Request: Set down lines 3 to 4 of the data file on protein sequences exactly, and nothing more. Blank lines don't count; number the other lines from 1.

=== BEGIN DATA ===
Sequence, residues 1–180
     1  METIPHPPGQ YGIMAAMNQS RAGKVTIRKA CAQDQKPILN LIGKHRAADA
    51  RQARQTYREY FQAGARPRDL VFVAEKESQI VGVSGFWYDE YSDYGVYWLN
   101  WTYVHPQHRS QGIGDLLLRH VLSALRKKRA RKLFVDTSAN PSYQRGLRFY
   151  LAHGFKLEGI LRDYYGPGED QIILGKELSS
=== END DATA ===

    51  RQARQTYREY FQAGARPRDL VFVAEKESQI VGVSGFWYDE YSDYGVYWLN
   101  WTYVHPQHRS QGIGDLLLRH VLSALRKKRA RKLFVDTSAN PSYQRGLRFY